Raw salt such as that which was produced at Raborn’s Salt Works differed from modern salt because it was not chemically refined. The raw salt could be a variety of colors from pink to dark gray depending on its mineral content, and contained other minerals which were sought for their medicinal qualities. Modern refined salt is treated with chemicals to remove unwanted minerals. Sodium iodide or potassium iodide is added for numerous health benefits. The Salt is also dyed white to make it more desirable to consumers.

While drilling a salt well during the Civil War, workers unearthed the remains of a Mastodon. Similar in appearance to a modern elephant, Mastodons inhabited North and Central America until their extinction some 10,000 to 11,000 years ago. On December 2, 1865, the New Orleans Times-Picayune reported that they had part of the remains found at the salt works. They described it as being “a piece of the tooth of a mastodon, which has a grinding surface, four by six inches.”

On April 9, 1865, after the bloody Civil War which lasted four years, Confederate General Robert E. Lee surrendered his Army of Northern Virginia to Union General Ulysses S. Grant. After the blockade was lifted following the Civil War, salt became readily available and production at Raborn’s Salt Works quickly declined.

The investigation continues next week in “Raborn’s Salt Works: Part 3, The Paper Mill Connection.”

If you have any information about Raborn’s Salt Works, please email the Journal at

Click Here for a complimentary subscription to the Bienville Parish Journal.


  1. The Times-Picayune (New Orleans, Louisiana), December 8, 1861, p.1.
  2. CPI Inflation Calculator,, accessed May 15, 2022.
  3. The Times-Picayune (New Orleans, Louisiana), December 2, 1865, p.8.
  4. U.S., General Land Office Records, 1776-2015 for John M. Fouts,,
  5. Harris, Gilbert D. and A.C. Veatch, Geology and Agriculture: A Preliminary Report on the Geology of Louisiana, Baton Rouge, 1900.

Today in History: May 20

1609 – Shakespeare’s sonnets were first published in London, perhaps illicitly, by the publisher Thomas Thorpe.

1631 – The city of Magdeburg in Germany was seized by forces of the Holy Roman Empire and most of its inhabitants massacred in one of the bloodiest incidents of the Thirty Years’ War.

1775 – The Mecklenburg Declaration of Independence was allegedly signed in Charlotte, North Carolina.

1802 – By the Law of 20 May 1802, Napoleon Bonaparte reinstated slavery in the French colonies, revoking its abolition in the French Revolution.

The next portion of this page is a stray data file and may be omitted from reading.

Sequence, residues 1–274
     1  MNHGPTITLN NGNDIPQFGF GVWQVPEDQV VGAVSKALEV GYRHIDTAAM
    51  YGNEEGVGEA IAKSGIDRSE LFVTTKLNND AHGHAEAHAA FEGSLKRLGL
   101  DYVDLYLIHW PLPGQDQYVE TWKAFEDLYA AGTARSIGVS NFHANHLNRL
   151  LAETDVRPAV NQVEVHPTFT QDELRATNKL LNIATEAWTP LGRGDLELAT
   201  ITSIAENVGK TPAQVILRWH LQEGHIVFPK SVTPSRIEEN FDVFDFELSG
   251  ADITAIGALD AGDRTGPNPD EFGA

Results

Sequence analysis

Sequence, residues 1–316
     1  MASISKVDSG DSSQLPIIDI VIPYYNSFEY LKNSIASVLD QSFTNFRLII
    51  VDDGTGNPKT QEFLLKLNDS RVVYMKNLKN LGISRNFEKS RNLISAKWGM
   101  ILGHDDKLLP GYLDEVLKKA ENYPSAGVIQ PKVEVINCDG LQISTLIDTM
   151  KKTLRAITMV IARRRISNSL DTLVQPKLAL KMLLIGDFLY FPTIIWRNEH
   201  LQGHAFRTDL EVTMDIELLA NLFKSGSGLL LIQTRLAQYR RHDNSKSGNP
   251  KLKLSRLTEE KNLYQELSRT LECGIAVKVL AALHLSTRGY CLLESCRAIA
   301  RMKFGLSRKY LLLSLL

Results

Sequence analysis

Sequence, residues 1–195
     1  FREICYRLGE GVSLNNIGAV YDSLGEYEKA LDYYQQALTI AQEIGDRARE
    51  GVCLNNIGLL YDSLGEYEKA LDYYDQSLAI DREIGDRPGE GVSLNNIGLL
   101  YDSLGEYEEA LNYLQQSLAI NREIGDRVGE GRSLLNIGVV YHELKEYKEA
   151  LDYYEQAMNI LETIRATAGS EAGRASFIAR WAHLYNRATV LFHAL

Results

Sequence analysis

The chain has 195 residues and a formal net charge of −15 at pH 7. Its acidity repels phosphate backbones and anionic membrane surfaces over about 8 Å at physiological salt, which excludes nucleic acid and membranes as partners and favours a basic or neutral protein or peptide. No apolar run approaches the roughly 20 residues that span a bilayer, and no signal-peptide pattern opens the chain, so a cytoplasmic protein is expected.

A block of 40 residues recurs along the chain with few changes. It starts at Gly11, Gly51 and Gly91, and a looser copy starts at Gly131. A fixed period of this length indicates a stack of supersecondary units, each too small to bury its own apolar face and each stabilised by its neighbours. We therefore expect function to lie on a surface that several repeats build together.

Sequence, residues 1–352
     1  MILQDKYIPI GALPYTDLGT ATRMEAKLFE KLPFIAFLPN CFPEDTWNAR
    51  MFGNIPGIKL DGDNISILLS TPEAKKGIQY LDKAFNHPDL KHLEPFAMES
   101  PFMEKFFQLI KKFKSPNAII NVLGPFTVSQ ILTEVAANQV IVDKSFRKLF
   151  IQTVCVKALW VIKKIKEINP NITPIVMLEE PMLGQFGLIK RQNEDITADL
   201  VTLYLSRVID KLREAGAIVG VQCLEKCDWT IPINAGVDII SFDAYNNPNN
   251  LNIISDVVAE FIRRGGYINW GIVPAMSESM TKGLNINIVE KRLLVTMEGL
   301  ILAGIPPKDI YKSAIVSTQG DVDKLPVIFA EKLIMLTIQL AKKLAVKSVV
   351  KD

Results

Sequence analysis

1813 – Napoleon Bonaparte led his French troops into the Battle of Bautzen in Saxony, Germany, against the combined armies of Russia and Prussia. The battle ended the next day with a French victory.

1861 – American Civil War: The state of Kentucky proclaimed its neutrality, which lasted until September 3 when Confederate forces entered the state. Meanwhile, the State of North Carolina seceded from the Union.

1862 – U.S. President Abraham Lincoln signed the Homestead Act into law which opened 84 million acres of public land to settlers.

1864 – American Civil War: Battle of Ware Bottom Church: In the Virginia Bermuda Hundred campaign, 10,000 troops fought in this Confederate victory.

1873 – Levi Strauss and Jacob Davis received a U.S. patent for blue jeans with copper rivets.

1875 – Signing of the Metre Convention by 17 nations which led to the establishment of the International System of Units.

1883 – Krakatoa began to erupt; the volcano exploded three months later and killed more than 36,000 people.

1891 – History of cinema: The first public display of Thomas Edison’s prototype kinetoscope.

1902 – Cuba gained independence from the United States. Tomás Estrada Palma became the country’s first President.

1927 – At 7:40 AM, Charles Lindbergh took off from New York to cross the Atlantic for Paris, aboard Spirit of St Louis (1st non-stop flight).

1932 – Amelia Earhart took off from Newfoundland and began the world’s first solo nonstop flight across the Atlantic Ocean by a female pilot.  She landed in Ireland the next day.

1939 – “3 Little Fishies”, a song by Kay Kyser, reached #1 on the charts.

1940 – The Holocaust: The first prisoners arrived at a new concentration camp at Auschwitz.

1942 – The US Navy permitted black recruits to serve for the first time.

1949 – In the United States, the Armed Forces Security Agency, the predecessor to the National Security Agency, was established.

1956 – In Operation Redwing, the first United States airborne hydrogen bomb was dropped over Bikini Atoll in the Pacific Ocean.